Many new technologies are being developed to improve agricultural production.
Sensors, autonomous equipment and big data will all be part of farming in the future.
David Yee is a vice-president with the Prairie Agricultural Machinery Institute (PAMI) in Humboldt.
He says the next generation of farmers is ready to adopt the new technology.
“Whether they are being brought in by parents or grandparents, there is a wave of younger farmers. This younger farmer has been raised on technology. They have a comfort with it and are willing to explore it to see what opportunities the technologies can deliver back to the family farm.”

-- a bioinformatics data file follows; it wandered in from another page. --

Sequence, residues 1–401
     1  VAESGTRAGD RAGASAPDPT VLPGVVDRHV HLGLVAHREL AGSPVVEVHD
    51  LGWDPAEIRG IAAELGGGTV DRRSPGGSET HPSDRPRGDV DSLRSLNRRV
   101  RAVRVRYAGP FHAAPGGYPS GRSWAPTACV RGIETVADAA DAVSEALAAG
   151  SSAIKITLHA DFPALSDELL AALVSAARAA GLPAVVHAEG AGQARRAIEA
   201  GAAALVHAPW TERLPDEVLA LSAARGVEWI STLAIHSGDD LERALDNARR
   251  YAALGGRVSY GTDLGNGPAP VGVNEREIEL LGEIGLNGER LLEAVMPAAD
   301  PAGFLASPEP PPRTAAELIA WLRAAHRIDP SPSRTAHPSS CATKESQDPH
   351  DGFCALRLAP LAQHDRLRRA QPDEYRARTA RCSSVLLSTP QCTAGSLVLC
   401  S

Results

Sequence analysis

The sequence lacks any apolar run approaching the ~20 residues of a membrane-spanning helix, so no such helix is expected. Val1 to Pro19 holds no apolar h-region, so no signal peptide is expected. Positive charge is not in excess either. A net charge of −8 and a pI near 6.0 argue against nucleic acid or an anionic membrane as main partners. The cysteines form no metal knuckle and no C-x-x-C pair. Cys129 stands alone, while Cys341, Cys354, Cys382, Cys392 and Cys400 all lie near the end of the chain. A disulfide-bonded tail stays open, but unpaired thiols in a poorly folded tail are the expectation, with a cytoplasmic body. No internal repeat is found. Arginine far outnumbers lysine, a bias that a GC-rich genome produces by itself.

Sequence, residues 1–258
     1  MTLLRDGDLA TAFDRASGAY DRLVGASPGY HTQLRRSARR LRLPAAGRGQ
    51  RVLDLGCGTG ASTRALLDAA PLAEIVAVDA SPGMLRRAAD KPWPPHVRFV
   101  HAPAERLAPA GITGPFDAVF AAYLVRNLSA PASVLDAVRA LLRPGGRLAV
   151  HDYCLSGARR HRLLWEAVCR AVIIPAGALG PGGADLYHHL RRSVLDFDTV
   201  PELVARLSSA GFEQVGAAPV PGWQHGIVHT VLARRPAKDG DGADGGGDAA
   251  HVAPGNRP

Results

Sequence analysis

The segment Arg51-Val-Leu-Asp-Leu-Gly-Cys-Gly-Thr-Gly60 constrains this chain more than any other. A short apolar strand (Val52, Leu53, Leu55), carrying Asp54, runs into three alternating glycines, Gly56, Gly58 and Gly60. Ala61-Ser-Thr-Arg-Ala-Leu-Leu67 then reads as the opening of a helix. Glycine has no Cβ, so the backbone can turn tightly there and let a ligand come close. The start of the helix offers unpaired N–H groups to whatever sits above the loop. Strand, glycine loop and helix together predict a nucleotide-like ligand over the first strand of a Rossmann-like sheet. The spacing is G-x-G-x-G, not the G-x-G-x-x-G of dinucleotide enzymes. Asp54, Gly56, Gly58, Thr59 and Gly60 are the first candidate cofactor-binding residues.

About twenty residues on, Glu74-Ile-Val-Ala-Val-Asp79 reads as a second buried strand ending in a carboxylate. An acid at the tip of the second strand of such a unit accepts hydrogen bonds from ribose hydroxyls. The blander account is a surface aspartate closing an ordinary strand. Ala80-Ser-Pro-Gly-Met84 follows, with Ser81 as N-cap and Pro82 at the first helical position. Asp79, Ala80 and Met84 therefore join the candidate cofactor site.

One technology is autonomous function, which allows the remote operation of equipment.
“Autonomous functions help the independent single farmer. We are going to see DOT technology and other companies start to create master/slave relationships,” says Yee. “It can help a farmer sitting in one cab that needs another piece of machinery operating, but doesn’t have anyone available.”
Sensors will gather information directly from the field. The sensors will be small and less expensive in the future and be implemented in different ways.
“We will see them on tape and in liquid form. These things will be designed to last an entire crop season. They will constantly gather information and send it back.”
Yee adds data compression will be important so it doesn’t result in bloated messages. That means shrinking down the data. Once that happens, very large amounts of data can be moved efficiently.
Yee was one of the guest speakers at Ag in Motion in July.